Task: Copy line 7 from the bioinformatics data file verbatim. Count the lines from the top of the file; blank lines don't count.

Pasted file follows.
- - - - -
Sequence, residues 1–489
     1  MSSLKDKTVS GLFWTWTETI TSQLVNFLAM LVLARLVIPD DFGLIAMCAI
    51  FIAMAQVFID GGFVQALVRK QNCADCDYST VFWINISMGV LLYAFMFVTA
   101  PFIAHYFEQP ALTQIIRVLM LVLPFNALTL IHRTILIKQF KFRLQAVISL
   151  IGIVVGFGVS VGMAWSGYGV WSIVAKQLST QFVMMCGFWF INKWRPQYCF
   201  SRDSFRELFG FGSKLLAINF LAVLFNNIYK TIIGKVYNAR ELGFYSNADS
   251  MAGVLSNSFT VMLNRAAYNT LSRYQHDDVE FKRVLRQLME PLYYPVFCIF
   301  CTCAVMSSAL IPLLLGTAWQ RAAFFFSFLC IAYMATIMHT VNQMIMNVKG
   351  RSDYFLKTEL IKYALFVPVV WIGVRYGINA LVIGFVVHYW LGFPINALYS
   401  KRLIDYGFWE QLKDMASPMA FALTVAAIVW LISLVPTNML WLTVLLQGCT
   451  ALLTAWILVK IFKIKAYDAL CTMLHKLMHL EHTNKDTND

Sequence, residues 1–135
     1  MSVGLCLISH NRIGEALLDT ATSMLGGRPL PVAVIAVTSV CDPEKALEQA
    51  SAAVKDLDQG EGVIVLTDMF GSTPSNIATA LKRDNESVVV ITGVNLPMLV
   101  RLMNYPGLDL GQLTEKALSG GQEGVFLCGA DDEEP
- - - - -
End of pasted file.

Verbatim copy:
   251  MAGVLSNSFT VMLNRAAYNT LSRYQHDDVE FKRVLRQLME PLYYPVFCIF